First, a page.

Although the media are guaranteed to do stories about most sensational events, they do not always do so. For example, at the beginning of the current war in Iraq, the Navy Seals trained in Bayonne, and sometimes caused explosive noises while doing so. City officials were sworn to secrecy until the occasionally loud training was over. For national security reasons, I had to deflect questions from neighbors about the unexplained noises until the federal government allowed us to go public about the training. Then I did a press release to announce the news.

A daily newspaper journalist sniffed, “That’s not news,” and his paper refused to run the story. By contrast, a weekly newspaper agreed it was news, and printed the story, but on its dining and entertainment page! If I had been an editor, the story would have run on page one with a headline like “Secret Anti-Terror Training Revealed” or “Mysterious Noises Explained.” Until I saw the weekly paper, I would never have guessed that anti-terrorist training was considered either dining or entertainment. To this day, I am not sure which one of the two they thought it was. This case was a clear reminder that freedom of the press includes both the freedom not to publish and the freedom to print stories in strange parts of the newspaper.

Public Perception
In a democracy, both journalists and public officials operate in a context determined by the public’s beliefs and knowledge (or lack thereof). In my experience, the public has very strong views on a lot of issues, but most people lack a detailed understanding of government. They are simply too busy with their jobs and families to learn most details.

People who do not follow politics closely often view all levels of government as being part of the same lump. This can be frustrating for local officials, who often get blamed for federal and state problems. For example, one day a constituent dismissed my explanation about a local utility issue, because, he said, he did not believe what the Pentagon was saying about Gulf War Syndrome. What he perceived as the U.S. Defense Department’s lack of credibility on a national issue poisoned my statements about a totally unrelated matter.

Different age groups sometimes have different perceptions about the credibility of various media. Older people grew up in an era of multiple metropolitan newspapers, and many of them are inclined to believe what they read in newspapers, if they believe anything. There is always a part of the older population that believes “they couldn’t have put it in the newspaper if it wasn’t true.” For younger people, the equivalent problem is, “I saw it on the Internet, so it must be true.”

Our Response
There are several ways in which municipal officials can try to overcome the difficulties that I have cited in this story:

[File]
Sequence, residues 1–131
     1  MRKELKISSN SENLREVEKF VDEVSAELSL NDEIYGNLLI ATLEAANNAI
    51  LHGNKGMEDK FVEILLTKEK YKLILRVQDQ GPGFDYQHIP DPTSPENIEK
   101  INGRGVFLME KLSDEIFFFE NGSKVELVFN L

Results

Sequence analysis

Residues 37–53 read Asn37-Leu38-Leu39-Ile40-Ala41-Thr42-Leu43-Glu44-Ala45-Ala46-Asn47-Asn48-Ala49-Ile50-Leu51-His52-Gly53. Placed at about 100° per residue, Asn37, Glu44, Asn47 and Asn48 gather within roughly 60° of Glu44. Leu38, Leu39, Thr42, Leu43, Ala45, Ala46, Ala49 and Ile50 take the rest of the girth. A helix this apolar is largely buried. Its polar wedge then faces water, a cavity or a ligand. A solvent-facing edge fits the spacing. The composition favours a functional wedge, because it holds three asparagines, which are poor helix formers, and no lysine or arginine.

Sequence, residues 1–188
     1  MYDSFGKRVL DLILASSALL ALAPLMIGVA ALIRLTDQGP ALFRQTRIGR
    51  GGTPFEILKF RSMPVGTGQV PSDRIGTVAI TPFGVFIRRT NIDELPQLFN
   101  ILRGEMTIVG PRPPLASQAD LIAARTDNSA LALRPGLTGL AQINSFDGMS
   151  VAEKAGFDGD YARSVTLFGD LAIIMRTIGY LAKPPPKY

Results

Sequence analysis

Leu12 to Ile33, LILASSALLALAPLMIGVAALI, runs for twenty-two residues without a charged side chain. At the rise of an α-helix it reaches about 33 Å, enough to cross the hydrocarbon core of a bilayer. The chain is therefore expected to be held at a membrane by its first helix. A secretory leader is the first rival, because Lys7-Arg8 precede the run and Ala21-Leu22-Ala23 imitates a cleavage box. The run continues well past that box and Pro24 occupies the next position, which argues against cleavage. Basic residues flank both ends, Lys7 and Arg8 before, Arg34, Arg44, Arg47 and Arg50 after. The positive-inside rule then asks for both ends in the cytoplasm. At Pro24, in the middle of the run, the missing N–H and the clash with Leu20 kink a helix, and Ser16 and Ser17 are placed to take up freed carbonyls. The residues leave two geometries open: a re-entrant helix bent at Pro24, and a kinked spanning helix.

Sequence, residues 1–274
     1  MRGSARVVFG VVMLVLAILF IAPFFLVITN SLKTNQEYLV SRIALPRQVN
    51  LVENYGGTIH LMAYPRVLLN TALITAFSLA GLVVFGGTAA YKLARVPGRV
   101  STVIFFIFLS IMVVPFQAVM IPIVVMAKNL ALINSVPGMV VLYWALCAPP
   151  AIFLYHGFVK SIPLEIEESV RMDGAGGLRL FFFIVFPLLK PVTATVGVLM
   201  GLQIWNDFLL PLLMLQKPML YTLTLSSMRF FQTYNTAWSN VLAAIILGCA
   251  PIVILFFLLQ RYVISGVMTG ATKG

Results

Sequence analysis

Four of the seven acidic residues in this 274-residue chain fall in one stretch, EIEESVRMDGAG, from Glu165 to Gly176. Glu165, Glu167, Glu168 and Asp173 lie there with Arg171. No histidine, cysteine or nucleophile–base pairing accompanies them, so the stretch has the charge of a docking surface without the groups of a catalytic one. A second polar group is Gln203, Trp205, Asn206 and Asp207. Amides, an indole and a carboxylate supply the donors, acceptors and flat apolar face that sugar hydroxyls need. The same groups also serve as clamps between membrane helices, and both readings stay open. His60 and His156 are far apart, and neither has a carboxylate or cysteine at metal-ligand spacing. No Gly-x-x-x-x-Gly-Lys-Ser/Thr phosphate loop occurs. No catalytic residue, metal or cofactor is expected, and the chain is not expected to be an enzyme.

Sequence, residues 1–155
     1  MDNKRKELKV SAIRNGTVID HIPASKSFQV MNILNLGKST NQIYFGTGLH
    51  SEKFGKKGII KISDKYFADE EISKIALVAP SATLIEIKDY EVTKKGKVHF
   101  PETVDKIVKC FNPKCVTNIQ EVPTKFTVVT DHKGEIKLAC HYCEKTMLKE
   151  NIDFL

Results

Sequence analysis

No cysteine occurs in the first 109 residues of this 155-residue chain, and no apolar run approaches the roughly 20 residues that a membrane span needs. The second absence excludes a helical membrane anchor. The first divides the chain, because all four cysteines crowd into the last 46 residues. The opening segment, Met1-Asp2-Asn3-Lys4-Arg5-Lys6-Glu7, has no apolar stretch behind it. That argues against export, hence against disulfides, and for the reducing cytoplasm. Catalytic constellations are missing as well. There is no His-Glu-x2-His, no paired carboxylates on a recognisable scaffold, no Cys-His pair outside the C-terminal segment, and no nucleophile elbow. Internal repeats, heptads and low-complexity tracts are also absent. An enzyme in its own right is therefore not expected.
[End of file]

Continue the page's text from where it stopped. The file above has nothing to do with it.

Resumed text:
1.     If you see something wrong and outrageous, and you want to respond, do so quickly. Call the reporter or the editor responsible within 24 hours. Explain to him or her why the headline or story was wrong. Ask for a correction and/or demand a rapid right of reply in the paper, on the web, or on the next broadcast, depending on the medium in which the problem appeared.

2.     Use your own local governmental media to give your story straight to the public. Post your press releases on your municipal website and/or government access cable TV station. If your website can e-mail your statements directly to subscribers free of charge, do it. In that way, your message is out there to counter negative bloggers. If you don’t have electronic media available, get them.

3.     The technical terms in local government can be confusing to both reporters and the public. Explain terms and procedures frequently in your press releases and statements. Do not assume that everybody understands what anything means unless you explain it to them. Recognize that people think you are confusing them deliberately or are lying to them when you tell the truth with overly technical language.

4.     When you consider your media strategy, recognize that older people are more likely to read newspapers, and that younger people are more likely to get their information from the Internet and other electronic media. If you do not use both print and electronic media to get your message out, you will be missing key parts of your public.

Dealing with the media is a constant responsibility. The bad news is that there will always be negative headlines to overcome. The good news is that each day brings another news cycle and a chance for a new beginning.